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CED Digest Vol. 7 No. 26  •  6/29/2002


20 Years Ago In CED History:

June 30, 1982:
* Efforts to pass the Equal Rights Amendment (ERA) to the U.S. Constitution end
in failure when legislators in three additional states cannot be persuaded in
sufficient numbers to vote approval of the measure before the midnight

July 1, 1982:
* A mass ceremony conducted by the Rev. Sun Myung Moon of the Unification
Church in New York City's Madison Square Garden weds more than 2,000 couples.
* Starch blocker diet pills are declared to be "unapproved new drugs" by the
U.S. Food and Drug Administration and are ordered off the market.

* CED Title Releases for July 1982:
Adventures of Robin Hood, The [RCA]
Baseball Fun and Games/Greatest World Series Ever
Blazing Saddles
Bugs Bunny/Road Runner Movie, The
Dr. No [RCA]
Jane Fonda's Workout
Last Tango in Paris (2)
Love At First Bite
Pirate, The
Sailor Who Fell From Grace With the Sea, The
Seven Brides for Seven Brothers
Tarzan, The Ape Man
Three Musketeers, The [1974]
Tom & Jerry II
Viva Las Vegas
White Lightning [RCA]

July 2, 1982:
* The U.S. Supreme Court overturns a Mississippi Supreme court decision that
held the NAACP liable for damages that resulted from a business boycott
organized in Port Gibson. In another ruling, the Court declares child
pornography is not automatically entitled to First Amendment protection.
* Future CED title in widespread theatrical release: The Secret of NIMH.

July 3, 1982:
* In Tel Aviv, Israel, 100,000 Israelis march for peace.
* Martina Navratilova defeats Chris Evert Lloyd to win the women's singles
title at the Wimbledon tennis championship. The following day Jimmy Connors
defeats John McEnroe for the men's singles title.
* "Don't You Want Me" by The Human League becomes the No. 1 U.S. single.

July 4, 1982:
* Miguel de la Madrid Hurtado of the Institutional Revolutionary Party is
elected president of Mexico with about 75 percent of the popular vote.
* President Antonio Guzman Fernandez of the Dominican Republic dies of a
self-inflicted gunshot wound. He was reportedly depressed after discovering
that some of his most trusted aides had been stealing government funds. Vice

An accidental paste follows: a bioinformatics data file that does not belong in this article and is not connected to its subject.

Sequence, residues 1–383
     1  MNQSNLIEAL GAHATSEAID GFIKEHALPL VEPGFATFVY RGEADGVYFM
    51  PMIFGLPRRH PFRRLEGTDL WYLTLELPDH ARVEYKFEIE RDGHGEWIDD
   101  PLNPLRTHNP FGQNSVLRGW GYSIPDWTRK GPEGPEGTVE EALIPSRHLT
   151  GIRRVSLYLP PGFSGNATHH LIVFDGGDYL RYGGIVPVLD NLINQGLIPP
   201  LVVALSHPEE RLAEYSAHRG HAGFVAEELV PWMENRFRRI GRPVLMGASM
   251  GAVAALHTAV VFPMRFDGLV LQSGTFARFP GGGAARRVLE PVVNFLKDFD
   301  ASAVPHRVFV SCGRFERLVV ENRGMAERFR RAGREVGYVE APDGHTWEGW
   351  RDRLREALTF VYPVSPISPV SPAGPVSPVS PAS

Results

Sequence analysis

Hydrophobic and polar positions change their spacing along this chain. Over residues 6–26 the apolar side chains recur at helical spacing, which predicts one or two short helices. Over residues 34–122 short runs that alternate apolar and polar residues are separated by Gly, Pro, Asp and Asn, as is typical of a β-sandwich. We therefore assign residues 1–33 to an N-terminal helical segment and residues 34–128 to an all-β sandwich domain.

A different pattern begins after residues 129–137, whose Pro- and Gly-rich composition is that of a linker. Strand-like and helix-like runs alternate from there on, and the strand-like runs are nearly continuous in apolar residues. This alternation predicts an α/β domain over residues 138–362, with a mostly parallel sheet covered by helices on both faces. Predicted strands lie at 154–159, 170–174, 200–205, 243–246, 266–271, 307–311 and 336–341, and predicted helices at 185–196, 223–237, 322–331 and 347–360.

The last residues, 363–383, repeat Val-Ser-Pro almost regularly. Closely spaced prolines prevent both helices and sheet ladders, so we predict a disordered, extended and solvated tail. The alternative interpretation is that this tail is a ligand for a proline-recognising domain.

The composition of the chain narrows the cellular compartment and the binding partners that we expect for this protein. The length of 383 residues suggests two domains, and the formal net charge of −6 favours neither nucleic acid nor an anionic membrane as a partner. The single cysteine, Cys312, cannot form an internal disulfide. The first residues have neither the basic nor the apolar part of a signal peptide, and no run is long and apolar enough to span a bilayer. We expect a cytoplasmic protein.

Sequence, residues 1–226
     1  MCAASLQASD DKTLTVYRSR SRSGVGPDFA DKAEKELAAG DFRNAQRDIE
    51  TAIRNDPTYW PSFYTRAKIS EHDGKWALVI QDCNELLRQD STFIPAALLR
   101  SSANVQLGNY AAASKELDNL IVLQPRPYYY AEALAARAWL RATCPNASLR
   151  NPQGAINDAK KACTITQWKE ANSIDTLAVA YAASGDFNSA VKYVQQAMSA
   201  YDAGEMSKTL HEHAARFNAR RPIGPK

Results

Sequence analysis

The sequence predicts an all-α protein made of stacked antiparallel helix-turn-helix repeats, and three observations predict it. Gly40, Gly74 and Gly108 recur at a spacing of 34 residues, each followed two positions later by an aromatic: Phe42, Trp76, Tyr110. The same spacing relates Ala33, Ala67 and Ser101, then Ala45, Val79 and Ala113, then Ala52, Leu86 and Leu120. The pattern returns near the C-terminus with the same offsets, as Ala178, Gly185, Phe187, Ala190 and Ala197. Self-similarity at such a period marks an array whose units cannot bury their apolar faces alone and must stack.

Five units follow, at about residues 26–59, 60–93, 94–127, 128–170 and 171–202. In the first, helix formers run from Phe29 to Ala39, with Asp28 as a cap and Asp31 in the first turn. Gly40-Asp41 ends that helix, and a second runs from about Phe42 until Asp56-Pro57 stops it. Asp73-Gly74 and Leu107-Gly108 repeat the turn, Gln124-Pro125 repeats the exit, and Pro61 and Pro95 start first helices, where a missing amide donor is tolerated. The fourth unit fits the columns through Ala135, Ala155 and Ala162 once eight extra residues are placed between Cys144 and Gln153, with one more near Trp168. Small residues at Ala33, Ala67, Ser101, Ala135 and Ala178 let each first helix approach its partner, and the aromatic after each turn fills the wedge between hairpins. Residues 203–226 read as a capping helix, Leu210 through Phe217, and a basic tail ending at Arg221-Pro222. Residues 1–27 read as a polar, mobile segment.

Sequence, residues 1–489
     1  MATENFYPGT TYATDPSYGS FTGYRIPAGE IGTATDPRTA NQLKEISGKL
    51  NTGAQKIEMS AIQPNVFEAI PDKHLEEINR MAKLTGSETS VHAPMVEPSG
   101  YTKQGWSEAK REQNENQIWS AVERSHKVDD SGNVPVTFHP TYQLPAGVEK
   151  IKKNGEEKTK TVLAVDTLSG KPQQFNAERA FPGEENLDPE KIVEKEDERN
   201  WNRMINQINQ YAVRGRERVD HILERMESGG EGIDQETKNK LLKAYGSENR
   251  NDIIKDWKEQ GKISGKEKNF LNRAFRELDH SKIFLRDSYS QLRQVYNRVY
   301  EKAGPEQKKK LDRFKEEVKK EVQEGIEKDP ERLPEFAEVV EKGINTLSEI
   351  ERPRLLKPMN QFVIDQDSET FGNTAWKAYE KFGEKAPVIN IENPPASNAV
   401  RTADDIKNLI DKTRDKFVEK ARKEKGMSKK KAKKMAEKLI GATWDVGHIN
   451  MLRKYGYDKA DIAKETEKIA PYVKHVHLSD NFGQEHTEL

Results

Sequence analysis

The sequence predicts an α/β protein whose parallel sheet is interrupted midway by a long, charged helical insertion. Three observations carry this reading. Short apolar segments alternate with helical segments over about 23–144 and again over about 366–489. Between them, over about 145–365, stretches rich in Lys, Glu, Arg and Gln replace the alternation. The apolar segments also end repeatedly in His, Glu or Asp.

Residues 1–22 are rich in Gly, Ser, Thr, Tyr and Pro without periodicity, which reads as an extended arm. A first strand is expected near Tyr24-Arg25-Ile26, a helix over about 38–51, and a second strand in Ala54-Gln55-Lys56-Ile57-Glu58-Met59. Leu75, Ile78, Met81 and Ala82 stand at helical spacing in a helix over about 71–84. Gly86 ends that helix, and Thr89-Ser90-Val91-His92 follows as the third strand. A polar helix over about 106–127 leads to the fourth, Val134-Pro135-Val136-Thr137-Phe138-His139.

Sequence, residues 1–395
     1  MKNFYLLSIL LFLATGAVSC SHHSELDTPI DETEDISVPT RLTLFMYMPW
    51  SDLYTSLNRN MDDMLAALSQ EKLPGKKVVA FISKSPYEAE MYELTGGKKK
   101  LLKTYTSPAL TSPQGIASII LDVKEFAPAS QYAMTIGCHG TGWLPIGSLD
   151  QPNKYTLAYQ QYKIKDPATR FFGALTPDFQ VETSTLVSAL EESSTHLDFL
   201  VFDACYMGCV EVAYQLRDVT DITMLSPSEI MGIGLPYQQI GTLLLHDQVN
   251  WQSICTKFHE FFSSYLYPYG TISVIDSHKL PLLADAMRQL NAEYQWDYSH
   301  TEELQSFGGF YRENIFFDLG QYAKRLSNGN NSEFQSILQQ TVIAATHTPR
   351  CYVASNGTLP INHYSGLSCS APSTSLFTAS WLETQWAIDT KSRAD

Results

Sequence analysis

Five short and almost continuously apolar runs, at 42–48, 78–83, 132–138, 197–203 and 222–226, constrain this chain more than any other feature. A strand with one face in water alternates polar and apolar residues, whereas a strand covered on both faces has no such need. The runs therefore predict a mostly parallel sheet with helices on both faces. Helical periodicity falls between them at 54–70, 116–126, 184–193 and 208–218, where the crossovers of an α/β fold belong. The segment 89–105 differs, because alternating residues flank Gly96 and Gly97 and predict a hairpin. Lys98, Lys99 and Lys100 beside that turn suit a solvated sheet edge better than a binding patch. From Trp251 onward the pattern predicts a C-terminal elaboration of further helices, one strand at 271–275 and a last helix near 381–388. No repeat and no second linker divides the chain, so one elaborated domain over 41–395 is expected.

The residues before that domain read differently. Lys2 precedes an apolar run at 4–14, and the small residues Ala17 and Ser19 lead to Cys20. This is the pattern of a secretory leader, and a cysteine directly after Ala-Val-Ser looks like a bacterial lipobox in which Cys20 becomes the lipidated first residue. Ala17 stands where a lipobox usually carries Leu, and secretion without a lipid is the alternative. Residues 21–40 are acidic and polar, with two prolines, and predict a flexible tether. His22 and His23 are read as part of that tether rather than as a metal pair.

President Jacobo Majluta Azar succeeds him.
* The U.S. space shuttle Columbia completes the last of four scheduled test
* Independence Day celebrations take place in the United States. Deely Bobbers,
the summer fun fashion of 1982, are worn on the heads of many participants.

July 5, 1982:
* Federal regulators declare the Penn Square Bank of Oklahoma City, OK
insolvent because of huge losses it has sustained on loans to small oil and gas
companies whose collateral only partially covered the amounts they borrowed.

July 6, 1982:
* President Reagan announces conditional agreement to the use of U.S. troops in
an international peacekeeping force in Beirut, Lebanon.
* An estimated 90 people are killed in an Aeroflot jetliner that crashes
shortly after takeoff near Moscow.

Date: Mon, 24 Jun 2002 17:52:37 -0400
From: "Forrest Proctor" <FORRESTP>
To: <>
Subject: Widescreen VS Pan N' Scan

A response to the posting from Guy Krause, CED Digest Vol. 7 No. 25

I'm Forrest Proctor, also a subscriber to CED Magic.  I read your posting about
your fear that older movies will be re-mastered in Wide-screen instead of Pan
and  scan.  Most older films shot before 1952 were photographed in the same
Aspect Ratio (Height to Width) as a television.  The television industry got
their design for an image from film screens of the era.  

The Film industry was in such an uproar about Television because of it's
growing popularity, and they assumed that "TV" was going to put Hollywood out
of business.  Not to mention that a television screen looked the same as a
movie screen, just smaller.  Hollywood began to explore new avenues of
presentation and came up with Cinemascope, Flat, 70mm, Vistavision etc. all of
which were large format and/or Wide-screen resulting in a size up to 40% wider
than your typical television screen.  When these films are presented on
television, they can only show a portion of the frame on the screen;  the rest
is lost because of the limitations of the television set, which is why they
have to "Pan and Scan" across the frame to follow the action in hopes of
leaving the Director's original view intact.  When presented as the Director
intended, it appears (especially in 2:35 to 1 aspect ratio) as a thin band of
picture in the middle of the screen.  2.35 to 1 would make a 20 ft tall screen
approximately 47 ft wide (some theatres cheat and make the screen measurement
actually 2.0 to 1 to save room).  The size and aspect ratio of today's films
makes them incompatible with TV.

The upshot of the whole thing is that no, you don't have to worry about the
older Cary Grant/Marx Brothers/Kate Hepburn films to be put in Wide-screen:  It
simply cannot be done.   


Date: Tue, 25 Jun 2002 18:22:03 -0700
From: Neil Wagner <orac>
To: _CED Magic mail list <>
Subject: RE: Shortest "full-length" movie

> That got me thinking what the shortest CED movie might be, and I came
> up with "Reefer Madness" at a total length of 66:40. Side 2 of that
> disc is only 9:14 in duration.  Can anyone think of a CED movie title
> shorter in either total length or the length of Side 2 ?

It's a shame the old Sherlock Holmes films starring Basil Rathbone and
Nigel Bruce were never released on CED, since several of them would
easily top your mark.  The shortest appears to be "Terror By Night"
which clocks in at just 60 minutes.

Sorry, no other ideas for short movies.


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